Yemen, in its seventh year of conflict, remains the world’s worst humanitarian crisis
The situation is deteriorating. Recent assessments show that nearly 50,000 people are now in famine-like conditions. The worst hunger is clustered in conflict-affected areas. Almost 21 million people (more than 66 per cent of the population) require humanitarian aid and protection. More than 12 million people are estimated to be in acute need.
A displaced mother and her daughter look over the city of Sana’a from the roof of their new home. Twenty-three IDP families, all of whom fled fighting in the northern part of the country, now call this dilapidated building their home. ©UNOCHA/Giles Clarke
2. Large-scale famine is looming
Sixteen million people in Yemen will go hungry this year. Already, nearly 50,000 people are essentially starving to death, as pockets of famine-like conditions have returned to the country for the first time in two years. Another 5 million vulnerable people are just one step away from famine.
Doctors at Al Sadaqah hospital in Aden attend to a child suffering from severe acute malnutrition. ©UNOCHA/Giles Clarke
3. Highest levels of severe acute malnutrition recorded since the conflict escalated
Nearly 2.3 million children under 5 years of age in Yemen are projected to suffer from acute malnutrition in 2021. Of these children, 400,000 are expected to suffer from severe acute malnutrition and could die if they do not receive urgent treatment. These are among the highest levels of severe acute malnutrition recorded in Yemen since the conflict escalated in 2015.
Tahani is just 38 days old and suffers from severe acute malnutrition. Her mother brought her to Al Sadaqah hospital due to her frequent diarrhoea and sudden weight loss. ©UNOCHA/Giles Clarke
4. Many health-compromised Yemenis now face COVID-19
More than 2,100 cases of COVID-19, including 617 associated deaths, have been officially confirmed, but the actual numbers are much higher and the virus is still spreading. The response to the pandemic in Yemen has been affected by limited testing, a lack of health-care centres, and severe shortages of medical supplies and personal protective equipment.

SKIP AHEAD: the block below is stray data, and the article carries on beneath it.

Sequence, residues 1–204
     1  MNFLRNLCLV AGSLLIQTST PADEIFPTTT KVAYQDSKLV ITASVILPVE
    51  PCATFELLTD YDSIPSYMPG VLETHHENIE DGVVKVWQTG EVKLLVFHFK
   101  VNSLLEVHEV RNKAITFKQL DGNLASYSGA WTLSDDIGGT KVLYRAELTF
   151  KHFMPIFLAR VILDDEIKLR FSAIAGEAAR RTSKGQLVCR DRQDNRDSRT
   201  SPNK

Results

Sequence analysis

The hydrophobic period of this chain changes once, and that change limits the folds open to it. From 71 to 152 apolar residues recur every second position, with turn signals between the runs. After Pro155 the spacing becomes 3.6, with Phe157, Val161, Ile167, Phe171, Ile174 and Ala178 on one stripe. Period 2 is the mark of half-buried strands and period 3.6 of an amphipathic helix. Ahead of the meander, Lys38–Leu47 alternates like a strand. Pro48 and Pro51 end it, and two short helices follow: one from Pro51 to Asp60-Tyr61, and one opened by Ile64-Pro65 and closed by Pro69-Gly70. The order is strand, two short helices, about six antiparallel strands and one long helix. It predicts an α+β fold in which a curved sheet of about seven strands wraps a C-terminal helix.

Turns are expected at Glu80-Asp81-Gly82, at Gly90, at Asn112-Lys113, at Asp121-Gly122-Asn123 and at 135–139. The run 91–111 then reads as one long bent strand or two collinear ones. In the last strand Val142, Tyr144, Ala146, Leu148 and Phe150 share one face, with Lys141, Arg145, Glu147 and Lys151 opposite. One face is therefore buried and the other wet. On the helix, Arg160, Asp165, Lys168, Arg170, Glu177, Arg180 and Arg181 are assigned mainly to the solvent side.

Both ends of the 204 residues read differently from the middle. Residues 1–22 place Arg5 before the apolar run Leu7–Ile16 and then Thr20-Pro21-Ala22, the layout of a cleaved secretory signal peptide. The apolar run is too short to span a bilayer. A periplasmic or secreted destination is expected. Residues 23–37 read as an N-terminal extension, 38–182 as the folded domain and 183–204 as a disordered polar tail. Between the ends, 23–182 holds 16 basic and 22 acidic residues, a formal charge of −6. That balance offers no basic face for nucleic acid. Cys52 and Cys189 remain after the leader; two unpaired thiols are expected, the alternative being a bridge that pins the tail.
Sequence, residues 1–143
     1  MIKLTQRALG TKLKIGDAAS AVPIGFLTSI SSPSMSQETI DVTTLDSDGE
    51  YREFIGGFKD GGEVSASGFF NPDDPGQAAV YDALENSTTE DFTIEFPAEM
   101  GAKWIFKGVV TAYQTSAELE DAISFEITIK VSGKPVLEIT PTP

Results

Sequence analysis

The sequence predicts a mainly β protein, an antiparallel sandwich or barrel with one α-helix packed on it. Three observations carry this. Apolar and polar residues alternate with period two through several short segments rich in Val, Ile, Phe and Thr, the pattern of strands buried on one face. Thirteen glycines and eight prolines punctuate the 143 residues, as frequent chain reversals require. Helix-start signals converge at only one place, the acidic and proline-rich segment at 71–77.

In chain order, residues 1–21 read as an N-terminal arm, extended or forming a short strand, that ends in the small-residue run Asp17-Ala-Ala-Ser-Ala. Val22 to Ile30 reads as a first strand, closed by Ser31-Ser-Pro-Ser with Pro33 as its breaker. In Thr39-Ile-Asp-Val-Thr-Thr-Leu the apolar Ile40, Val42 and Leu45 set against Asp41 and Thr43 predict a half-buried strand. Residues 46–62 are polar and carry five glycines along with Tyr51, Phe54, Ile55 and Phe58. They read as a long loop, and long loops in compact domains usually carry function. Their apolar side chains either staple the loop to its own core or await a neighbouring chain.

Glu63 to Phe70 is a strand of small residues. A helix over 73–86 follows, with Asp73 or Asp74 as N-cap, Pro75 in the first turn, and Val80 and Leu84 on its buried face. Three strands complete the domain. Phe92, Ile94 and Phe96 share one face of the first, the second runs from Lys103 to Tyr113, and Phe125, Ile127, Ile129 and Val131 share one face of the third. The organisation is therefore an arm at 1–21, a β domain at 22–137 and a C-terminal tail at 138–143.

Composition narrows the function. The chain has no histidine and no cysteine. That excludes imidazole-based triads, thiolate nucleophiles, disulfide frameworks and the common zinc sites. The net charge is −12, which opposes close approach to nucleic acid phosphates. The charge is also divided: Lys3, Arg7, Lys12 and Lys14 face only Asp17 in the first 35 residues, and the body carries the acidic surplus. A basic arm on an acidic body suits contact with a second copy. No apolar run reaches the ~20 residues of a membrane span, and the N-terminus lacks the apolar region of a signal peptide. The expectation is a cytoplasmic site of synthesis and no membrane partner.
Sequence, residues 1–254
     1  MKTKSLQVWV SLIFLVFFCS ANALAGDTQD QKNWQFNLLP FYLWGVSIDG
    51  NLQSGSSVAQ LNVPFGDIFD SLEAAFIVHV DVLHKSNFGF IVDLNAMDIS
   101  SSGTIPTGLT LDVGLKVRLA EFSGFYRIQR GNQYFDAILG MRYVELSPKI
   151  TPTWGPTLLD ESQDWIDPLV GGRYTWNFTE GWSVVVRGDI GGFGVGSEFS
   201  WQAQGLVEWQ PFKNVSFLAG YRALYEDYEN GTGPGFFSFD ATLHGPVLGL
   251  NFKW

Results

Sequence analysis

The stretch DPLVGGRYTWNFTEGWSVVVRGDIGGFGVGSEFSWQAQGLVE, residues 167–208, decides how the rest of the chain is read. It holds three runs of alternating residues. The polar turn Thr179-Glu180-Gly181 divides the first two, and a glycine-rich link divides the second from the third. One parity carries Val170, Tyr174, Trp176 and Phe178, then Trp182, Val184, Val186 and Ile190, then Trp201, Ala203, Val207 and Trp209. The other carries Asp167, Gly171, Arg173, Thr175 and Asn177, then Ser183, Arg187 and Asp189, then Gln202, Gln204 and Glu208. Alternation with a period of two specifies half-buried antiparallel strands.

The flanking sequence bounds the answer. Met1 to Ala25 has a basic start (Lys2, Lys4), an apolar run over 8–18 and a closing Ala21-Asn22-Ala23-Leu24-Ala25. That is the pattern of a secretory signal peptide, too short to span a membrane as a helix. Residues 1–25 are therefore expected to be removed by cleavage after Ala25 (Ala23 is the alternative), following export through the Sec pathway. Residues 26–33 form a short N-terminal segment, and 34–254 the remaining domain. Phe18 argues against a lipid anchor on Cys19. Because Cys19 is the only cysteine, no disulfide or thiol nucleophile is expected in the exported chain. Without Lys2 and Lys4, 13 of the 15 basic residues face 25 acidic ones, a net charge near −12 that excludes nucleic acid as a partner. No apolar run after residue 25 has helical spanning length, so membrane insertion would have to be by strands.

A doctor checks on a COVID-19 patient in Aden’s Al Jomhouria hospital. ©UNOCHA/Giles Clarke
5.Yemen’s crisis is unprecedented
The country has never experienced a situation like this, where a severe domestic economic crisis is now overlapping with a sharp drop in remittances and major cuts in donor support for humanitarian aid – all amid a looming large-scale famine and high levels of acute malnutrition.
An internally displaced family sits among rubble in Al-Dhale’e Governorate. ©UNOCHA/Mahmoud Fadel-YPN
6. Yemen’s economy is heading for a calamity
The local currency has collapsed, pushing food and other essential goods – nearly all of which must be imported – out of reach. Fuel prices are surging, and higher transport costs are discouraging people from seeking health care when they need it. Humanitarian agencies are reducing aid because they can’t reach some communities.
Fishermen return to the shore in Aden. ©UNOCHA/Giles Clarke
7. More than 9 million people affected by deep cuts to aid programmes
These programmes cover life-saving food, water and health care. The aid operation previously helped nearly 14 million people every month, but that number has now drastically reduced to just over 10 million. Millions more people still receiving assistance are getting less than they used to. Withholding funds from the humanitarian response now is a death sentence for millions of families.
Al Fajr school, Al Turbah. Fazal, Fatima and their children in front of their tent. The family has lived here for the past five years after being displaced from Taiz city in 2015. ©UNOCHA/Giles Clarke
8. Humanitarian aid agencies continue to deliver
Even with limited resources and a challenging operating environment, agencies continue to deliver large-scale programmes in Yemen, and they are eager to scale up their life-saving work across the country. However, agencies can only reach more people if they have enough funding to do so.
A worker at a WFP warehouse in Sana’a offloads bags of humanitarian assistance. ©WFP/Mohammed Awadh
9. Funding is a lifeline for many Yemenis
With adequate levels of funding, aid agencies save and change lives. In 2018, humanitarians managed one of the fastest and largest scale-ups of assistance in recent history, reaching nearly 14 million people with life-saving aid every month. This prevented large-scale famine, rolled back the worst cholera epidemic in a generation and supported millions of displaced people.
A woman prepares food at the Dar Saad informal displacement camp in Aden. ©UNOCHA/Giles Clarke
10. Promises don’t save lives
Aid operations were severely underfunded last year: only half of the US$3.4 billion needed for the humanitarian response was received by the year’s end. This is less than half of what aid agencies received the previous year.
As a result, we were forced to close or scale down 31 of 41 critical programmes in 2020. If adequate funds are not received this year, we will be forced to make further cuts to life-saving programmes – including lifeline food assistance.
We urge all donors to honour their pledges and increase their support for Yemen before it’s too late.
A young girl in An-Nassiri village in Al-Dhahi. ©UNOCHA/Giles Clarke